In surprise turn, Mayor's pick to lead HR department bows out

After interim-director Sue McNab was nominated to the permanent job, employees raised concerns about how much time she spent out of the office.

Visitors walk through Seattle City Hall in Seattle, Dec. 6, 2018. (Photo by Matt M. McKnight/Crosscut)

Mayor Jenny Durkan’s pick to lead the Seattle Department of Human Resources, Sue McNab, has withdrawn herself from consideration, adding to a number of vacant director posts that Durkan needs to fill in the coming months. McNab was nominated to be the department’s permanent director last August after serving in the interim role since March, but will instead leave city employment by January 23.

McNab’s nomination was forwarded to the Seattle City Council for consideration along with two other nominees last summer — Calvin Goings for the Department of Finance and Administrative Services and Andrés Mantilla for the Department of Neighborhoods. McNab was scheduled to be confirmed by the Council in September with the other two, but while Goings and Mantilla won the council’s approval, McNab’s appointment was held without explanation.

According to three people in city government, who asked to not be named to speak about McNab’s exit before an official announcement had been made, McNab’s confirmation stalled following complaints about her leadership. Specifically, employees were concerned about her schedule, alleging she was often out of the office. At least one complaint was filed with the City’s ethics department, according to one source. Director of the ethics department Wayne Barnett declined to comment.

In a resignation letter to Mayor Durkan, dated Dec. 10, McNab wrote, "I've come to recognize that through the demands of the position, I've had to put my commitments and Board positions in community organizations on hold and I find that my heart and passions are truly there.

"So, with regret, I am submitting my resignation to you effective January 23, 2019 as the Acting Head of SDHR."

McNab currently serves on the community advisory board for Crosscut’s parent company, Cascade Public Media.

A spokesperson for Durkan, Mark Prentice, praised the accomplishments of SDHR under McNab, pointing specifically to work done to address employee harassment complaints. "The Mayor is grateful for [McNab's] efforts and accomplishments over the past ten months with the HR team," he said.

McNab will leave the HR department at a precarious time. The City is still in the process of consolidating its individual departmental HR offices into one, centralized department, a shift that began under McNab’s predecessor, Susan Coskey, during the administration of then-mayor Ed Murray. While many in the city support the move in principle, it has proceeded in fits and starts as employees have chafed at leadership within the department and what some described as a “toxic” work environment.

Since Durkan took office, the city has grappled with the best way to approach human resources. Shortly after she was sworn in, at the height of #MeToo coverage, Durkan complained about the city’s poor accounting of harassment complaints and financial settlements. She ordered departments to begin routing all records of settlements through the HR department.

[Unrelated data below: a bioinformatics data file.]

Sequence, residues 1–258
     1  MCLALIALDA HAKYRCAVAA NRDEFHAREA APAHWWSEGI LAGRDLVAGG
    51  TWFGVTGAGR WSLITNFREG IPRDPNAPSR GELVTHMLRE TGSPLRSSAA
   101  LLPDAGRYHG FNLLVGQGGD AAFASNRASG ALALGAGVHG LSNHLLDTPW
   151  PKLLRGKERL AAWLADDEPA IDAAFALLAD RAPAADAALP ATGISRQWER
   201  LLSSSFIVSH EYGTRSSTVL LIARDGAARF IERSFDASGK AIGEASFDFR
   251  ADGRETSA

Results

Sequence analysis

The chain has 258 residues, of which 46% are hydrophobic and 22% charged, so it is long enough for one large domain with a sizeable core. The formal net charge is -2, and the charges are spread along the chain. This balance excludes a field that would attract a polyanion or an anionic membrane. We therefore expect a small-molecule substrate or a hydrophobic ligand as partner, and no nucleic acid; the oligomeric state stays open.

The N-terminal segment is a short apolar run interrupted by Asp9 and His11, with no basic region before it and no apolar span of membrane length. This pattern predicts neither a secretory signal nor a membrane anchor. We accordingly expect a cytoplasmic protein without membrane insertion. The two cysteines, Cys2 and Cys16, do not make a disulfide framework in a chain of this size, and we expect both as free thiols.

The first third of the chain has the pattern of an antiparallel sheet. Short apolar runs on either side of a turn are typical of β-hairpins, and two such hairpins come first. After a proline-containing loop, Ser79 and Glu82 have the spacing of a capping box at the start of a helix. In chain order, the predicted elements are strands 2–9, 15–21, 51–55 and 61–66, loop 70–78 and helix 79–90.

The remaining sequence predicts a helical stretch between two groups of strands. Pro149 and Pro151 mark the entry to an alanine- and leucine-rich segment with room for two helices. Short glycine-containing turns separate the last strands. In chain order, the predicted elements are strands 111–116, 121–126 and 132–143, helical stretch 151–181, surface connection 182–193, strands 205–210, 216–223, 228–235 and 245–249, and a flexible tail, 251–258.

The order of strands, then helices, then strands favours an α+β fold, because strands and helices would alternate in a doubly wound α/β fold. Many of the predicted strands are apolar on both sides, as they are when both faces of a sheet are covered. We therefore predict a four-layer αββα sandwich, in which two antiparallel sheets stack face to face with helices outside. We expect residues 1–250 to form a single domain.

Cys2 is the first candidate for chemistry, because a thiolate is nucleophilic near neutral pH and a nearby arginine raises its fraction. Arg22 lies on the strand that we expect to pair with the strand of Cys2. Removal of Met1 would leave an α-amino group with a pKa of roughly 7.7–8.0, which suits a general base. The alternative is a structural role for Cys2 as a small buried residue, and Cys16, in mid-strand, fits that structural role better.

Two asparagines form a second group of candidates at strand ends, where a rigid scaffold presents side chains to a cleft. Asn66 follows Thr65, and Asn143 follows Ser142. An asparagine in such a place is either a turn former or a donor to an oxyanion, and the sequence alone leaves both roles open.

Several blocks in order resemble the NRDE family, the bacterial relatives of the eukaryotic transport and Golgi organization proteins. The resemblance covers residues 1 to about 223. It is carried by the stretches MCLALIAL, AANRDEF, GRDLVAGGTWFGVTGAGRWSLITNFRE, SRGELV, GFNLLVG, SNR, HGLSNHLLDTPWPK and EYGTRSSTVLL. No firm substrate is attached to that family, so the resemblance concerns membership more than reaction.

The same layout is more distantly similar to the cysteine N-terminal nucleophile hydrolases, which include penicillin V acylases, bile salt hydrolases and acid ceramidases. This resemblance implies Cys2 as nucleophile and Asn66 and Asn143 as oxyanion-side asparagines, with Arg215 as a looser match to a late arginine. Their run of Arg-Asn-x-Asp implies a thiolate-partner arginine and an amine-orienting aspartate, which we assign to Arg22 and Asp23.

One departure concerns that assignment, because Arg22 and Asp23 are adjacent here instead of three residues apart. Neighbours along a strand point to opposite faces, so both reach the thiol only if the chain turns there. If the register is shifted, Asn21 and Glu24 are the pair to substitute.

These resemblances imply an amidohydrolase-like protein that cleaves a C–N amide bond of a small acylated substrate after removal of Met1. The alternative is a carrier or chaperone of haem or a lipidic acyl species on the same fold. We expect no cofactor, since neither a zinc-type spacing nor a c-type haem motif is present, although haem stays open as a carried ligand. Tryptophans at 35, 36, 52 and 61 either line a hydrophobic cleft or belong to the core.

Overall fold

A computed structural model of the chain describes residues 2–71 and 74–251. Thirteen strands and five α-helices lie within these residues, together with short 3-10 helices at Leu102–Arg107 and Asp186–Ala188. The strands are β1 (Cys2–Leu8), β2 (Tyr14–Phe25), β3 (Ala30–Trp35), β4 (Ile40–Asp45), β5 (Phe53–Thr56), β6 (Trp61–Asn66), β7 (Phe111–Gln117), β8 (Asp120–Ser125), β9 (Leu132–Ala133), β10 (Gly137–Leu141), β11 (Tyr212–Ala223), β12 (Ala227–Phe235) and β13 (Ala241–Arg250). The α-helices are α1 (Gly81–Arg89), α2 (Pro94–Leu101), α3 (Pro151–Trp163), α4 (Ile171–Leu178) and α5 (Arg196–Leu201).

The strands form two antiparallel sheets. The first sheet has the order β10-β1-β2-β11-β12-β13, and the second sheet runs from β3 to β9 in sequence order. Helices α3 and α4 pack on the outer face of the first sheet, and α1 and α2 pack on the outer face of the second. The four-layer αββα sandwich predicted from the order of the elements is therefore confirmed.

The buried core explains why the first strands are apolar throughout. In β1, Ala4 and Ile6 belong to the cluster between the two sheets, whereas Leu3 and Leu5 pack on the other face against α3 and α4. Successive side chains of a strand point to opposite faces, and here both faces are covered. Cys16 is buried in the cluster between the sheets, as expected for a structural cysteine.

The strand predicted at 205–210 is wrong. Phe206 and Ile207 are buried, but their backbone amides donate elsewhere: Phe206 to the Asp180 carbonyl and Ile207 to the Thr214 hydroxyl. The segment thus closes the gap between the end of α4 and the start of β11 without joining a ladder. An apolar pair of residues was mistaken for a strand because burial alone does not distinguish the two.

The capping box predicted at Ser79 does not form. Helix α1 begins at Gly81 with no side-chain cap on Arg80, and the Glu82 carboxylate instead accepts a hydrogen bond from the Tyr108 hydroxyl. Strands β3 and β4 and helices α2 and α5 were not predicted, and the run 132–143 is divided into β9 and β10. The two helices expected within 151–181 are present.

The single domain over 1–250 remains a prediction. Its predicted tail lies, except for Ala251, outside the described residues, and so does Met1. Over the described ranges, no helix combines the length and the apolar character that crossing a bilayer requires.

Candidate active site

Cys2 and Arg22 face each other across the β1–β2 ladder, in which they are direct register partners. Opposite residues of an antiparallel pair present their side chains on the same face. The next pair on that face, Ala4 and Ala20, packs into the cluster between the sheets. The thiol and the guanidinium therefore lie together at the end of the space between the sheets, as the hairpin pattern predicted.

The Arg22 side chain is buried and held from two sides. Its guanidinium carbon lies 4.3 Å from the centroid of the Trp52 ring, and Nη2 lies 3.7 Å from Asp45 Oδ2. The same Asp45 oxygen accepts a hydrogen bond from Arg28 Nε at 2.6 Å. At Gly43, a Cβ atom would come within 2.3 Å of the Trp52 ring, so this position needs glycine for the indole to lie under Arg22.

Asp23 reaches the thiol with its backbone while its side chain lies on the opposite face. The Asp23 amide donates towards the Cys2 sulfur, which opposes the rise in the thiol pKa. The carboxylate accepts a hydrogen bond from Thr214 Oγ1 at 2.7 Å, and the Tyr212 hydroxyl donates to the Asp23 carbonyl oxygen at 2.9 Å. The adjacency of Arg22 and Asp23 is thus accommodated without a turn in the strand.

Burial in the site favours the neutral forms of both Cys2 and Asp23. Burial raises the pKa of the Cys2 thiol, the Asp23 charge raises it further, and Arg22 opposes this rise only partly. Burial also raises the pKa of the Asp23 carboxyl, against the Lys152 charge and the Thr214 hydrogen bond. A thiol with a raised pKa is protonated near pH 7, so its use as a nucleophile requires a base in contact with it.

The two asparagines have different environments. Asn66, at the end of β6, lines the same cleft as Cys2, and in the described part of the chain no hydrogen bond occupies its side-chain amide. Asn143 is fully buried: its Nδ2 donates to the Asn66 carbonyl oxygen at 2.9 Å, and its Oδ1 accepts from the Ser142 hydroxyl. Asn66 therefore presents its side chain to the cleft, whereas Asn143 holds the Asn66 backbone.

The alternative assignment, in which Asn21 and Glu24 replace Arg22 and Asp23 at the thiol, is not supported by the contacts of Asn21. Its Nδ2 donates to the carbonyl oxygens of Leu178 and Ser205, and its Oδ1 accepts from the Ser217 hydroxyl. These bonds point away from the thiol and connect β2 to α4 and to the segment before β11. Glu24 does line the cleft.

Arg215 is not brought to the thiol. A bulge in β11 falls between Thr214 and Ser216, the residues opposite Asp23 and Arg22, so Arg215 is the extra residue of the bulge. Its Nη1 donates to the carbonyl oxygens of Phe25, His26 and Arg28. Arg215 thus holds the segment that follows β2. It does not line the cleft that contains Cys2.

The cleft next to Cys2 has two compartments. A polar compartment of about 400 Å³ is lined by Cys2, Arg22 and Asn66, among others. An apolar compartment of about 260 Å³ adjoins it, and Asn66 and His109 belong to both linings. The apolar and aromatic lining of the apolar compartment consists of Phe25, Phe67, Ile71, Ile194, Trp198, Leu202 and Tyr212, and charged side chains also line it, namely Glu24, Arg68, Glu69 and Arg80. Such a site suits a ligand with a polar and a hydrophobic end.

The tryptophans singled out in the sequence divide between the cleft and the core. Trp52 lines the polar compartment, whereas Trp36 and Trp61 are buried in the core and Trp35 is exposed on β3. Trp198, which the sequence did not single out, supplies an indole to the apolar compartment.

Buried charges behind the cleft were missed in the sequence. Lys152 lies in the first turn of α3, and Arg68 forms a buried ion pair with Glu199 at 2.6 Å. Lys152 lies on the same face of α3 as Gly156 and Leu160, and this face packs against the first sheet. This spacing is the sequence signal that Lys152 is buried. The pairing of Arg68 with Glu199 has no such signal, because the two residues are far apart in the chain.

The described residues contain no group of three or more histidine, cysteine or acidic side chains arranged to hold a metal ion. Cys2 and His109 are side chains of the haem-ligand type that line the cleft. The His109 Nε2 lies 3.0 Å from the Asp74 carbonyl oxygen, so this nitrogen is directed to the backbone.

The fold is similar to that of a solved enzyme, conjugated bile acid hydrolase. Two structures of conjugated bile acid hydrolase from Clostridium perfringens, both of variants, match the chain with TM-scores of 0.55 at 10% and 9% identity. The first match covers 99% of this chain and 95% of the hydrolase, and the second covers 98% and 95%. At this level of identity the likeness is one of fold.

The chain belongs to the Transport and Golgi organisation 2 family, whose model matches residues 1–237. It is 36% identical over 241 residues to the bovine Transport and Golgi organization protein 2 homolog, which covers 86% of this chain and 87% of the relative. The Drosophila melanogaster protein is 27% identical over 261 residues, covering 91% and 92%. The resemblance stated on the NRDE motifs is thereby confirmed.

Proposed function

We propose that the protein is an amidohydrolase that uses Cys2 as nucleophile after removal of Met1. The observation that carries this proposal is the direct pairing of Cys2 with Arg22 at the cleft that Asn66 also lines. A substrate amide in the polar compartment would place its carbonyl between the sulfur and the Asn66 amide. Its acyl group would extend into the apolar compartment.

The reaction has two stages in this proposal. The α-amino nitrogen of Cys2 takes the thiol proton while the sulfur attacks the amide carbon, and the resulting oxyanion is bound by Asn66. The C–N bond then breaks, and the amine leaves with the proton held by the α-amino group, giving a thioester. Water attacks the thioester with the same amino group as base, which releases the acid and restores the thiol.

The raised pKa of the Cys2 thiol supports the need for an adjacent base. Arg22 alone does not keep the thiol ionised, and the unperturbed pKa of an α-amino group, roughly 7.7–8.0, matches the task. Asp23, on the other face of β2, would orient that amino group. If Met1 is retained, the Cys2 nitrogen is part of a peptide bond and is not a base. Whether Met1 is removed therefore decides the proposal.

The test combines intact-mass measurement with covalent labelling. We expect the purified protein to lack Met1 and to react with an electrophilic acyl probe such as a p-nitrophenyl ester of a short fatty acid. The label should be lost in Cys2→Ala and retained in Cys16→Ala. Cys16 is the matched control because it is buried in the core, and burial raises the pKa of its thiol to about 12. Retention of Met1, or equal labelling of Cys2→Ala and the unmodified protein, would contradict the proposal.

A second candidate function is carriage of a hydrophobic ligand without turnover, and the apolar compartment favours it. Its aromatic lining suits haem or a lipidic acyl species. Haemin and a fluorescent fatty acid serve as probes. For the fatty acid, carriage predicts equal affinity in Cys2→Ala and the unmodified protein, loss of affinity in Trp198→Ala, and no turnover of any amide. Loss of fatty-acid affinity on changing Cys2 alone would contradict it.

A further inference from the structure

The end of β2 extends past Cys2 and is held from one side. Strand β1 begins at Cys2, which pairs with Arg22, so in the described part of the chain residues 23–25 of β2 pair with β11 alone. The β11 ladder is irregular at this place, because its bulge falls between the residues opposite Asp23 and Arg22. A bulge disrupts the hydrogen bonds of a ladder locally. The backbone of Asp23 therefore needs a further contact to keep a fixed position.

At the same time, employees across the city had registered complaints of harassment or mistreatment. A recent internal survey found around a third of employees had experienced some form of discrimination; a third also said they had witnessed disparate treatment of their colleagues.

In response, Durkan’s office created a task force to produce recommendations for improving the city’s response to allegations of mistreatment. The group released its recommendations last July and Durkan pledged to work with the HR department to implement them. On Monday, the City followed through on one major recommendation when Seattle City Council approved a new Office of Employee Ombud — a less formal alternative to HR for employees who feel they’ve been mistreated or disrespected.

Before taking the reins of the department on an interim basis, McNab was the Vice President and Chief Human Resources Officer at PEMCO Financial Services in Seattle from 2005 to 2016. Before that, she worked in a similar capacity with Starbucks.

The pace at which Durkan has filled out her cabinet has drawn attention from all sides. In addition to human resources, the departments of transportation, human services, technology, parks and civil rights are all run by interim directors.

Last weekend, the Seattle Times Editorial Board gave her a “D+” for personnel, pointing to these vacancies as an issue. At the same time, transit advocates have been ringing alarm bells over the lack of a permanent transportation director.

Durkan is expected to announce her nominee for transportation before the end of the year and is currently reviewing applications to lead the technology department.

McNab was earning $190,000 a year. In her resignation letter, she said she recommended one of her current directors to be the new acting head while a search is conducted, but neither she nor the mayor's office identified that person. McNab ended by offering her services as a contractor, where she believes she "can continue to partner with [Durkan] to bring about change and effectiveness."

This story has been updated to include the fact that McNab serves on the community advisory board of Cascade Public Media.

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About the Authors & Contributors

David Kroman

David Kroman

David Kroman is formerly a reporter at Crosscut, where he covered city politics.